U.S., Japanese and South Korean envoys agreed Monday to continue cooperating toward complete denuclearization of the Korean Peninsula through early resumption of dialogue with North Korea, the South's Foreign Ministry said.
At the outset of their in-person meeting in Seoul, Sung Kim, the newly appointed U.S. special representative for North Korea, expressed hope for a positive response from the North following U.S. overtures for dialogue.
The meeting also drew Takehiro Funakoshi, head of the Japanese Foreign Ministry's Asian and Oceanian Affairs Bureau, and Noh Kyu Duk, South Korea's special representative for Korean Peninsula peace and security affairs.
The three "agreed to continue cooperation among the three countries to bring effective progress in achieving complete denuclearization and permanent peace settlement on the Korean Peninsula by resuming talks with North Korea as soon as possible," the ministry said in a statement.
"We continue to hope that the DPRK will respond positively to our outreach, and our offer to meet anywhere, anytime without preconditions," Kim said at the outset. DPRK stands for the Democratic People's Republic of Korea, North Korea's official name.
The administration of U.S. President Joe Biden has recently finished a review of its North Korea policy and signaled its readiness for dialogue with North Korea, while building on a 2018 bilateral agreement that included Pyongyang's commitment toward denuclearization.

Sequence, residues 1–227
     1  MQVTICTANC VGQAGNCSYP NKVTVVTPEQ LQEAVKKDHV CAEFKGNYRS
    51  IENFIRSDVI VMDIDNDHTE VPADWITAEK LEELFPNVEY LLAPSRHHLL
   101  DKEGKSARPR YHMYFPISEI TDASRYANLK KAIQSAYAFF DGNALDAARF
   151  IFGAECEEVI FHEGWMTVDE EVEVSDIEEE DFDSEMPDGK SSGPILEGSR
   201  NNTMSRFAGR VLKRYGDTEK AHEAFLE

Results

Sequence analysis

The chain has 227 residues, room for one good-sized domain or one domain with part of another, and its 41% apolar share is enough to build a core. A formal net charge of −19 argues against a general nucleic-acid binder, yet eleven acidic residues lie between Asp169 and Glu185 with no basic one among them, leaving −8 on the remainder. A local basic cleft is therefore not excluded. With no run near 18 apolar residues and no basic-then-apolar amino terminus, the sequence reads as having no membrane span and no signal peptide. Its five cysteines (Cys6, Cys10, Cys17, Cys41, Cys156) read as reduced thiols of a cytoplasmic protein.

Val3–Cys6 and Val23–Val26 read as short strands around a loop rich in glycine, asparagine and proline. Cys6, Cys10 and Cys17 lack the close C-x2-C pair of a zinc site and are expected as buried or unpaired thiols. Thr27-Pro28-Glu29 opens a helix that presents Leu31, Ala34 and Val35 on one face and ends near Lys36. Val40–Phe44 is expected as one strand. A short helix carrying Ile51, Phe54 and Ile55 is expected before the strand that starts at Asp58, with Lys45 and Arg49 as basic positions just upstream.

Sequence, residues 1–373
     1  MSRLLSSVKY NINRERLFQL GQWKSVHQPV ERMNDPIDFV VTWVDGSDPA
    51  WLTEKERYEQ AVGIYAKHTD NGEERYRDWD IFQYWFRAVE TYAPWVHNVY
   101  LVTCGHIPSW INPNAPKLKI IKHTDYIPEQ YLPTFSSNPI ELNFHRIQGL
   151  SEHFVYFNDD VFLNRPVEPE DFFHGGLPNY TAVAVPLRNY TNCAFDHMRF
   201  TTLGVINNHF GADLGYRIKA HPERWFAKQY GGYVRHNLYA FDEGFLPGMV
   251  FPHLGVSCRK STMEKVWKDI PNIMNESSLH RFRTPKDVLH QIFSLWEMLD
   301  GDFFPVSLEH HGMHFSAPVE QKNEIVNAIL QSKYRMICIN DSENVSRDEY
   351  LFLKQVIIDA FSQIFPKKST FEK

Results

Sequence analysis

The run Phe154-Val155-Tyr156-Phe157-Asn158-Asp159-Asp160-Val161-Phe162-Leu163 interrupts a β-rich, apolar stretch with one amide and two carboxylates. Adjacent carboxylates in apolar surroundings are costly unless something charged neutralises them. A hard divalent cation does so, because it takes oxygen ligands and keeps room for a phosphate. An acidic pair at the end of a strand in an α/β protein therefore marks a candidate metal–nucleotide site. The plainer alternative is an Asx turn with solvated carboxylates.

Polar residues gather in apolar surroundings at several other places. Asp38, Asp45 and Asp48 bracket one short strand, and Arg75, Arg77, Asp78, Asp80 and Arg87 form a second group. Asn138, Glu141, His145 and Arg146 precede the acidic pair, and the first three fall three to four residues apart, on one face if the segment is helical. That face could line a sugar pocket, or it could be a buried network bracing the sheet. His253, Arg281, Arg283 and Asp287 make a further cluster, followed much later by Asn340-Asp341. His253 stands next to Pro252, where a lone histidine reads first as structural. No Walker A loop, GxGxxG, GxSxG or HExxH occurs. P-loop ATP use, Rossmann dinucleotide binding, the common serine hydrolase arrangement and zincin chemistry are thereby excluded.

North Korean leader Kim Jong Un last week "stressed the need to get prepared for both dialogue and confrontation, especially to get fully prepared for confrontation" with the Biden administration, according to the state-run Korean Central News Agency.
Monday's meeting was the first face-to-face trilateral talks as U.S. special envoy for North Korea for Kim, who was appointed to the position last month. He doubles as ambassador to Indonesia.
"Our policy calls for a calibrated, practical approach that is open to and will explore diplomacy with the DPRK, as we seek to make practical progress that increases the security of the United States and our allies," Kim also said.
But the U.S. envoy indicated that Washington would also continue applying pressure on Pyongyang, stressing that U.N. Security Council resolutions against North Korea will continue to be implemented to address ongoing threats it poses to international society.
At the same meeting, Japan gained support from the United States and South Korea when it sought anew their understanding and cooperation on the abduction of Japanese nationals by North Korea in the 1970s and 1980s, according to the Japanese Foreign Ministry.
Funakoshi and Noh held a separate meeting on the same day, as Kim and Noh did before the three-way meeting.
At the first U.S.-North Korea summit in 2018 in Singapore, Kim Jong Un and Biden's predecessor Donald Trump agreed Washington would provide security guarantees to Pyongyang in return for "complete" denuclearization of the Korean Peninsula.
At his meeting with South Korean President Moon Jae In in May, Biden signaled that his policy would build on the 2018 agreement, focusing on the denuclearization goal as well as improving relations between the United States and North Korea.